Irish book awards

In photos: The fascinating world of the Skelligs

The authors of The Book of the Skelligs share some of their insights, along with stunning photographs.

THERE HAS LONG been something fascinating and slightly eerie about the Skellig islands.

Knowing that monks once lived in this extremely remote area makes you wonder how they did it. A look at the view from the island, though, shows you all the beauty that surrounded them. 

The Book of the Skelligs is an Irish publication which explores the beauty and scale of the Skelligs islands in the Atlantic, taking in the construction of the monastic site and why it was such an achievement, as well as the geology, marine and terrestrial life there.

It has been nominated in the An Post Irish Book Awards, in the category sponsored by The Journal, best Irish Published Book of the Year.

Throughout the book are paintings, maps and photographs, some of which haven’t been seen before.

Below are a selection of the photos with extended captions from the authors, giving new insight into the World Heritage Site. 

Aerial view of the monastery on Skellig Michael

Fig. 1 Skellig Michael Aerial pic5 Valerie O'Sullivan Valerie O'Sullivan

The monastery is located on terraces retained by continuous drystone retaining walls that were constructed on the steeply sloping plateau on the east peak of the island.

The upper terraces contained the monastic cells and churches, while the lower ones known as the ‘monks’ gardens’, may have served as sheltered areas in which to grow crops.

The development of the monastery on these terraces evolved in stages over several hundred years, and only its final phases are visible today.

Fig. 3 Skellig MichaelSkellig Beag (1)

Skellig Underwater 

PastedImage-78525 Vincent Hyland Vincent Hyland

Sunlight filters through the water column and lights up the canopy of kelp forest, with its stripes (stalks) and fronds (leaves). Marine life uses kelp for cover, for growth, for camouflage and for protection. Within the canopy may be found starfish, sea squirts, sea anemones, crabs, squat lobsters, stalked jellyfish, wrasse, gobies and blennies.

Skellig Michael

Fig. 3 Skellig Sunset Finans Bay2 Valerie O’Sullivan Valerie O’Sullivan

A photo taken from St Finian’s Bay with Skellig Michael in the distance. The bay is one of several mainland locations named after Naomh Fíonáin, the saint associated in folklore with the founding of the island monastery.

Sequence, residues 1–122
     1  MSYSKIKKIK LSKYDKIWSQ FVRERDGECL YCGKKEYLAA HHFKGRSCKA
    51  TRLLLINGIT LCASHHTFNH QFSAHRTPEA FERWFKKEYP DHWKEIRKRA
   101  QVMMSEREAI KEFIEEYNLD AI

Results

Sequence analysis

puffin-on-skellig-michael-photovalerie-osullivan Valerie O’Sullivan Valerie O’Sullivan

The puffin is a pelagic bird synonymous with Skellig Michael and is a ubiquitous presence on the island from April to the end of July. A puffin can swim for long periods under water in pursuit of fish such as sprat, herring, and sand eels while its beak can hold multiple fish at any one time. Its sharp claws are used in burrowing to create nests.

Each breeding pair produces one chick and returns annually to their breeding grounds after wintering in the Atlantic.

The lighthouse

Fig. 7 Skellig LightHouse1

Above is an aerial view of the lighthouse station at Seal Cove and the ruins of the upper station (far left) where the light was decommissioned in 1870. The pathway leading from Blind Man’s Cove to Seal cove, created during the initial construction work in the early 1820s, is also visible, as is the meandering pathway to the ruins of the upper lighthouse station.

The lighthouse towers and adjacent dwellings were built to a large extent from the slate and masonry rubble that was blasted in the construction of the road, pathways and platforms.

The Book of the Skelligs – John Crowley and John Sheehan (Cork University Press) is nominated in the An Post Irish Book Awards in’s sponsored category, Best Irish Published Book of the Year. Find the full list of nominees and more information at the awards website. Crowley is a lecturer in the School of the Human Environment at University College Cork, while Sheehan is a senior lecturer in the School of the Human Environment at University College Cork. 

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